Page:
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October 2013 Archives

It's Possible to Pay Less Than What You Owe

It's possible that a taxpayer could make settlement proposals to the IRS and "plead their case" that they could not otherwise pay the debt by making an "Offer-in-Compromise". In a position paper dated May 27, 2005, the American Association of Attorney-Certified Public Accounts revealed that "(Offers-In-Compromise) acceptance rate has dropped from 39.8% to 22.9% from 2001 to 2004, while the number of accepted offers declined from 38,643 to 19,546, a decline of over 50% in just three years." A blockade put up by the IRS like on November 1, 2003, the IRS began charging a $150 processing fee for most Offer-In-Compromise proposals. Also, in February of 2004, they officially issued "a consumer alert advising taxpayers to beware of promoters' claims that tax debts can be settled for "pennies on the dollar" through the Offer in Compromise Program." It seems that "frivolous" proposals - not to mention plenty of complaints by consumers than they had been getting ripped off...had been mounting enough to warrant concern by the IRS. It's still possible to settle for less than you owe with the IRS. An Offer-In-Compromise is one of two methods that make this possible. However, the IRS has shown by its recent history that 84%-85% of Offers-In-Compromise will be rejected. I refuse to "sugar-coat" this fact - and I would highly encourage you to be wary of anyone who makes it sound "easy" to settle with the IRS. It's not my job to "sell" you on a particular method of getting out of debt with the IRS. But I do want to help you understand that you do have options - real options that can help you get out of this IRS mess and get on with your life. If and Offer-In-Compromise is the right choice for you, we can help determine that. However, if it's not, there are other ways. The Partial Payment Installment Agreement option is also a way that a taxpayer may be able to negotiate with the IRS to pay less than the full debt owed.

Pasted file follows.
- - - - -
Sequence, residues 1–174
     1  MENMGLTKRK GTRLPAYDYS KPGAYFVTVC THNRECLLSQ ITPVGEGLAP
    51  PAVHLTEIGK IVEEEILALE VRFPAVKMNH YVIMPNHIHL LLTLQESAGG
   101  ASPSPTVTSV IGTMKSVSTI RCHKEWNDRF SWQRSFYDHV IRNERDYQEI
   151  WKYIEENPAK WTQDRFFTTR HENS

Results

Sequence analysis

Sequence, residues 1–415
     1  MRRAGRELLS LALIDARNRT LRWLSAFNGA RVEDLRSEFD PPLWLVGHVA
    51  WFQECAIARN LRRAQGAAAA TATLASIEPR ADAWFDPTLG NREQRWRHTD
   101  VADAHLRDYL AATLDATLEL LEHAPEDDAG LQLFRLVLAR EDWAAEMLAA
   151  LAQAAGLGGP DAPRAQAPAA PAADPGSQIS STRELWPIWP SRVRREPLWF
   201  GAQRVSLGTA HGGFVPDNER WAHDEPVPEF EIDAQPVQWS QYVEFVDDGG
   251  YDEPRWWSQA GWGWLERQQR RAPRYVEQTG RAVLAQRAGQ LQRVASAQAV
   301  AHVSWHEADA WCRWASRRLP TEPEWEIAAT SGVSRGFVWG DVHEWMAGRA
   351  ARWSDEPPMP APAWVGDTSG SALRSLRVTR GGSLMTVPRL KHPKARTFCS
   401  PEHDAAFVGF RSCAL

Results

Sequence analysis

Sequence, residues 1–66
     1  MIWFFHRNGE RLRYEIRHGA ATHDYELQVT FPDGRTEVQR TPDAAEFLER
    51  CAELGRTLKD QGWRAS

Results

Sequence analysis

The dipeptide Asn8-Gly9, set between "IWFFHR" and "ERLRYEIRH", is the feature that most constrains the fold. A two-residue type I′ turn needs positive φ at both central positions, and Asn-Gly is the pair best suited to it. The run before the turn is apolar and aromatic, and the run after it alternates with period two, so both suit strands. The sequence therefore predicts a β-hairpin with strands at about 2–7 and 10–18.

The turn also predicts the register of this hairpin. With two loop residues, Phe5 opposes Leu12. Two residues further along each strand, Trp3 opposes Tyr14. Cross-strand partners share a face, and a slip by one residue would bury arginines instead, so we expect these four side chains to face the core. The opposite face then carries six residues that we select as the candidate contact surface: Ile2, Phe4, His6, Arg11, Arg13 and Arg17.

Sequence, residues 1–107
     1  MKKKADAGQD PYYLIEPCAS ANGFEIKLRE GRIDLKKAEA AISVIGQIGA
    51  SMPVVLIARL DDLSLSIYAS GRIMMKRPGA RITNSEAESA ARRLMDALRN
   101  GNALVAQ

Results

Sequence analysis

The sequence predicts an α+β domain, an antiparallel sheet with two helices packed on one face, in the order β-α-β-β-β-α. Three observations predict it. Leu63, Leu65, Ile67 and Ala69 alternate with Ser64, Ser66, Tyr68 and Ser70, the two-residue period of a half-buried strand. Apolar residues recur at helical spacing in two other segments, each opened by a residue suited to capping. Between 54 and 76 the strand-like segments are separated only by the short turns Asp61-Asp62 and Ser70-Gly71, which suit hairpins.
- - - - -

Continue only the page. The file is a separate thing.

How Do You Qualify For Innocent Spouse Relief?

Let's say you're married and you file a "married filing jointly" return, to take advantage of the unique tax benefits offered by this particular filing status. You have a regular "day job" where your employer takes out your taxes every pay-check and gives you a W-2 at the end of the year. The two of you decide to take a weekend just to sort through all of the paperwork and get a grip on the tax situation with his business. After muddling through the records as best you can, and deducting expenses, you determine that he owes taxes on $48,500 of taxable income. Therefore you determine that he owes a tax of $7475. That's when he "drops the bomb" that he hasn't been getting enough money aside to pay the taxes. "By requesting innocent spouse relief, you can be relieved of responsibility for paying tax, interest, and penalties if your spouse (or former spouse) improperly reported items or omitted items on your tax return. Generally, the tax, interest, and penalties that qualify for relief can only be collected from your spouse (or former spouse). You must meet all of the following conditions to qualify for innocent spouse relief:

Tax Shelters at Risk With IRS Appeals Court Victory

The subject of tax shelters and financial transactions meant to reduce taxable income has been a perpetual source of contention between taxpayers and the IRS. A recent and prominent case, Superior Trading LLC et al. v Commissioner of Internal Revenue, No. 12-3367, tipped the issue in favor of the IRS. In a hit to taxpayers seeking to reduce taxes through some types of distressed asset/debt ("DAD") transactions, the Seventh Circuit Appeals Court in Chicago, IL sided with the IRS. The court ruled that such transactions are not legitimate tax shelters. Using such financial engineering in an attempt to reduce taxable income will very likely result in the original tax and additional penalties owed to the IRS. This is not the first time that the IRS won such cases. This appeals court decision is likely to influence an up-coming Supreme Court case about a similar question in "United States v. Woods." The Supreme Court is scheduled to hear arguments in October 2013. In both instances, the issue at hand is whether DAD transactions generate "economic value" that can be compared to tax-deductible business losses. Economic value is contrasted with financial operations that have no purpose or no relation personal or business operations. Rather, transactions absent economic value are done for no other purpose than to generate a tax shelter of questionable legality. Critically, Superior Trading LLC's transactions were found to be outside the scope of "economic value," thus taxable. The IRS was judged to be within its bounds of authority to impose additional fines on top of the original tax that Superior Trading LLC unsuccessfully tried to avoid. The Supreme Court issued a statement acknowledging that though the IRS often wins these types of cases, the issue is not black-and-white. Importantly, in 2007 the IRS ruled that DAD transactions could be construed as tax shelters. It is interesting to note that the attorney for Superior Trading et al. was barred from promoting tax shelters after the DOJ found that he promoted over $370M of invalid tax deductions for previous clients.  


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